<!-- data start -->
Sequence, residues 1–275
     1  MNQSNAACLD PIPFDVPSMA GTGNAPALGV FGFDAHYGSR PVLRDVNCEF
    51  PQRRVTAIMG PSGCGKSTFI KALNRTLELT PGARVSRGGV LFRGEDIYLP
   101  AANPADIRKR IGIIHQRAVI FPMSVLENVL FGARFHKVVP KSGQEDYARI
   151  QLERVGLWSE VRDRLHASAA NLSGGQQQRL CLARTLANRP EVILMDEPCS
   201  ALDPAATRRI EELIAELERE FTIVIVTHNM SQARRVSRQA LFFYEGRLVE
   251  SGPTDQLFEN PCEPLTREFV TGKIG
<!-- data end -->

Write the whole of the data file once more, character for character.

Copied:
Sequence, residues 1–275
     1  MNQSNAACLD PIPFDVPSMA GTGNAPALGV FGFDAHYGSR PVLRDVNCEF
    51  PQRRVTAIMG PSGCGKSTFI KALNRTLELT PGARVSRGGV LFRGEDIYLP
   101  AANPADIRKR IGIIHQRAVI FPMSVLENVL FGARFHKVVP KSGQEDYARI
   151  QLERVGLWSE VRDRLHASAA NLSGGQQQRL CLARTLANRP EVILMDEPCS
   201  ALDPAATRRI EELIAELERE FTIVIVTHNM SQARRVSRQA LFFYEGRLVE
   251  SGPTDQLFEN PCEPLTREFV TGKIG